California lawmakers agree $41 million for monkeypox response :: Bay Area Reporter

The California Senate on Wednesday approved a $41 million emergency budget appropriation for the state’s public health response to the monkeypox outbreak.

Brought together through the efforts of pro Tempore Senate Speaker Toni Atkins (D-San Diego) and Assembly Speaker Anthony Rendon (D-Los Angeles), with the help of gay Senator Scott Wiener (D-San Francisco), the package was added this week to the 2022 budget bill. The funding is much needed as the state continues its efforts to bring the MPX virus under control and bring it under control.

“I believe there is no time to waste,” Assembly Budget Chairman Phil Ting (D-San Francisco) told the Bay Area Reporter. “California has one of the highest numbers of monkeypox cases in the United States. With any public health emergency, the key is to act quickly with resources. That’s why I support the assignment of millions of dollars in state funding now, so communities and patients get what they need now to fight this latest emerging virus.”

In July, Wiener — who chairs the Senate Special Committee on Monkeypox — organized and led a letter to Gov. Gavin Newsom and legislative leaders asking for the emergency budget allocation.

“We have fought like hell to ensure California responds effectively to the monkeypox outbreak, and this emergency appropriation will be of great help at the state and local level. Monkeypox is a painful disease and isolating, and it has a major impact on the LGBTQ community,” Wiener said.

The San Francisco Department of Public Health said it was eagerly awaiting the award, but was still awaiting important details.

“We look forward to additional state support for testing, treatment, vaccines, education and awareness,” the SFDPH said in an email to BAR. “We are still awaiting information from the California Department of Public Health on when this money will be allocated and what it will be used for.”

The appropriation, part of Senate Bill 179, passed Wednesday night. The Assembly also passed it earlier in the day, 43-8.

Senator Nancy Skinner (D-Berkeley), chair of the Senate Budget and Taxation Committee, said the bill provides “new funding to strengthen our public health response to MPX.”

On August 29, Wiener tweeted, “This appropriation will support critical public health efforts around monkeypox by our state department of public health, county health department, and community health providers.”

“Many thanks to @GavinNewsom, Senate Speaker @SenToniAtkins, Speaker @RendonAnthony, and Budget Chairs @PhilTing & @NancySkinnerCA for stepping up and accomplishing this task. Many deeply appreciate California’s continued commitment to the public health and our LGBTQ community,” the tweet continued.

APLA CEO Craig Thompson also praised the funds in a statement.

“It is important to note that the emergency budget allocation will include additional funding – approximately $1.5 million – for community health centers to administer vaccines to eligible patients and community members,” said Thompson in an email announcement also thanking legislative leaders. “To date, APLA Health has administered over 2,000 doses of the MPV vaccine, but has yet to receive specific funding to support these efforts. Health centers have and will continue to be key partners in reaching many of the most vulnerable and underserved members of the LGBTQ+ community, especially black and Latino gay and bisexual men and transgender people.”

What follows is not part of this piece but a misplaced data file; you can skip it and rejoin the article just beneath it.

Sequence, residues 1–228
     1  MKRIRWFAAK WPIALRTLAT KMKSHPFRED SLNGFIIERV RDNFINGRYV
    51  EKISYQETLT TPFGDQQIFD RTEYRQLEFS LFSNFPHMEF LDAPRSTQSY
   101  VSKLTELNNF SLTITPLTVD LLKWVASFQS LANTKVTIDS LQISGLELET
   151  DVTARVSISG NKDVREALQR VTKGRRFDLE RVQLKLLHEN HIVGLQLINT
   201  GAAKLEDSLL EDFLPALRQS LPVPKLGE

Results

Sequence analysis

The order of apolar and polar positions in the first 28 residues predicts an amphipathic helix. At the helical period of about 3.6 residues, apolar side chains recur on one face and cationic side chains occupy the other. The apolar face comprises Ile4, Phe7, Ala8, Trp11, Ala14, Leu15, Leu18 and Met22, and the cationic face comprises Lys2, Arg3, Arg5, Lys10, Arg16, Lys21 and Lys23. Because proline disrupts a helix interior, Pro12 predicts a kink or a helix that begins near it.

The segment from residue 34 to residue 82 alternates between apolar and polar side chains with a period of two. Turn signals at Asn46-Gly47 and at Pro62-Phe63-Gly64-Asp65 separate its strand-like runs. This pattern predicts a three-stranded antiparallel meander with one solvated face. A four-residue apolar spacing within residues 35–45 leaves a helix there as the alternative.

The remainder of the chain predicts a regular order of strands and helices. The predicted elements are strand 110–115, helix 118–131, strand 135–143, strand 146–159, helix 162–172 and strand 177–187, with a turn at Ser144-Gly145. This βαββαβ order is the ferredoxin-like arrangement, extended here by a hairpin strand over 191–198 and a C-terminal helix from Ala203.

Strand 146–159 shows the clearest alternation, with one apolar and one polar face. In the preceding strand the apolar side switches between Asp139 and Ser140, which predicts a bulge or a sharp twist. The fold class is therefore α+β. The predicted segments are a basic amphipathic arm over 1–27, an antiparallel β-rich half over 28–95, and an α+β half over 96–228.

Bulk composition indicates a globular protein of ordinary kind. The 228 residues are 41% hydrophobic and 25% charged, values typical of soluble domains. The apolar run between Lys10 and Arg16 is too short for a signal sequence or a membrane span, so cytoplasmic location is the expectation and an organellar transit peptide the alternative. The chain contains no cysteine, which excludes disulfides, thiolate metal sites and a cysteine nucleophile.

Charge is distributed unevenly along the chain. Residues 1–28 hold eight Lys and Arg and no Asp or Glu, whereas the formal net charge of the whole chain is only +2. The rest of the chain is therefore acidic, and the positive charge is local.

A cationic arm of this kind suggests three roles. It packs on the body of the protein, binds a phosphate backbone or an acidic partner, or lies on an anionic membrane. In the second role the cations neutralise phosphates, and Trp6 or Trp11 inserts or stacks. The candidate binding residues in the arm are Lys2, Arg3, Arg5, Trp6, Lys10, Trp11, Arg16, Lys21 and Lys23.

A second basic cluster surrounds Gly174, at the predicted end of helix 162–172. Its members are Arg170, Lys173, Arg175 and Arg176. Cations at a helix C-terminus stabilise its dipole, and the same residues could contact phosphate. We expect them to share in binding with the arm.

Statewide, there has been a huge drop in the number of MPX cases, from a high of nearly 150 a day in early August to just a few a day by August 26. In San Francisco, there were 718 confirmed cases as of August 29. The Bay Area as a whole had 1,239 confirmed cases as of Aug. 30, with Alameda County having the second highest number of cases in the region at 189. Santa Clara County comes in at 129 cases. Napa County had the lowest number of cases, with just six confirmed cases.

During a press conference at the Zuckerberg San Francisco General Hospital and Trauma Center last week, U.S. Senator Alex Padilla (D-California) said between 250,000 and 350,000 Californians may be considered at high risk for MPX, and that the state needs 800,000 vaccinations to stop the spread of the virus.

How the emergency funds will be allocated has yet to be determined, said Raayan Mohtashemi, an aide to Wiener, but the final decision on where the money goes rests with the California Department of Public Health.

“The budget bill includes language that it is the intent of the legislature that the CDPH consult with local health jurisdictions on how to most effectively allocate the resources earmarked for these budget items,” Mohtashemi wrote in an e-mail. -email the BAR.

Local health authorities will receive $15,750,000, including $1.5 million allocated specifically to community organizations for the administration of vaccination clinics. The bulk, $25,679,000, is for state-level assistance for the CDPH, Mohtashemi said.

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